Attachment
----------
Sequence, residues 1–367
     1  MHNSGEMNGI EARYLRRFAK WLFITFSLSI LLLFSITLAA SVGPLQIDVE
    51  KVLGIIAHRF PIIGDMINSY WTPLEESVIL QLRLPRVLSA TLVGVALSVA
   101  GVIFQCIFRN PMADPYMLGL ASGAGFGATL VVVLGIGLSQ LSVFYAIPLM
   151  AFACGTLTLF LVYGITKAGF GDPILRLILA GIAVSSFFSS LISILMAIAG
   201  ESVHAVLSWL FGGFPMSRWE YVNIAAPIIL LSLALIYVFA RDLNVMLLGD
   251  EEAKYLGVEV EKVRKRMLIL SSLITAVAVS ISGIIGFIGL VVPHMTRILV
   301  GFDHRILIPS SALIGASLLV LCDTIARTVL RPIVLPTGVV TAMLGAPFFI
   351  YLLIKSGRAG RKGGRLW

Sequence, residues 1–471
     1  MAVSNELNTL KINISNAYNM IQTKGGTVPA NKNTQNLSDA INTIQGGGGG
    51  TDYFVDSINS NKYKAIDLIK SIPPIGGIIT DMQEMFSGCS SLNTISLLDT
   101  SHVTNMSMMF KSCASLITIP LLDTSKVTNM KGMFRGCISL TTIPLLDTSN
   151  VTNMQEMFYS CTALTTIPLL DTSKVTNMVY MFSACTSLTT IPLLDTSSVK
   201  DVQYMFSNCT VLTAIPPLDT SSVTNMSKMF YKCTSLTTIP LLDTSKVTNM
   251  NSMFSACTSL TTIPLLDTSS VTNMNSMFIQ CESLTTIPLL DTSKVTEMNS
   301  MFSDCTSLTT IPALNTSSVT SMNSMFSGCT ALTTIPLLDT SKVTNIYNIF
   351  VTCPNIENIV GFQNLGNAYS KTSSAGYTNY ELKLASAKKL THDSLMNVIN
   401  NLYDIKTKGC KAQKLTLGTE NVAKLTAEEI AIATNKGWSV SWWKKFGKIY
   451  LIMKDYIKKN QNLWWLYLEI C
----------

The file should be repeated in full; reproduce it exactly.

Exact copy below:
Sequence, residues 1–367
     1  MHNSGEMNGI EARYLRRFAK WLFITFSLSI LLLFSITLAA SVGPLQIDVE
    51  KVLGIIAHRF PIIGDMINSY WTPLEESVIL QLRLPRVLSA TLVGVALSVA
   101  GVIFQCIFRN PMADPYMLGL ASGAGFGATL VVVLGIGLSQ LSVFYAIPLM
   151  AFACGTLTLF LVYGITKAGF GDPILRLILA GIAVSSFFSS LISILMAIAG
   201  ESVHAVLSWL FGGFPMSRWE YVNIAAPIIL LSLALIYVFA RDLNVMLLGD
   251  EEAKYLGVEV EKVRKRMLIL SSLITAVAVS ISGIIGFIGL VVPHMTRILV
   301  GFDHRILIPS SALIGASLLV LCDTIARTVL RPIVLPTGVV TAMLGAPFFI
   351  YLLIKSGRAG RKGGRLW

Sequence, residues 1–471
     1  MAVSNELNTL KINISNAYNM IQTKGGTVPA NKNTQNLSDA INTIQGGGGG
    51  TDYFVDSINS NKYKAIDLIK SIPPIGGIIT DMQEMFSGCS SLNTISLLDT
   101  SHVTNMSMMF KSCASLITIP LLDTSKVTNM KGMFRGCISL TTIPLLDTSN
   151  VTNMQEMFYS CTALTTIPLL DTSKVTNMVY MFSACTSLTT IPLLDTSSVK
   201  DVQYMFSNCT VLTAIPPLDT SSVTNMSKMF YKCTSLTTIP LLDTSKVTNM
   251  NSMFSACTSL TTIPLLDTSS VTNMNSMFIQ CESLTTIPLL DTSKVTEMNS
   301  MFSDCTSLTT IPALNTSSVT SMNSMFSGCT ALTTIPLLDT SKVTNIYNIF
   351  VTCPNIENIV GFQNLGNAYS KTSSAGYTNY ELKLASAKKL THDSLMNVIN
   401  NLYDIKTKGC KAQKLTLGTE NVAKLTAEEI AIATNKGWSV SWWKKFGKIY
   451  LIMKDYIKKN QNLWWLYLEI C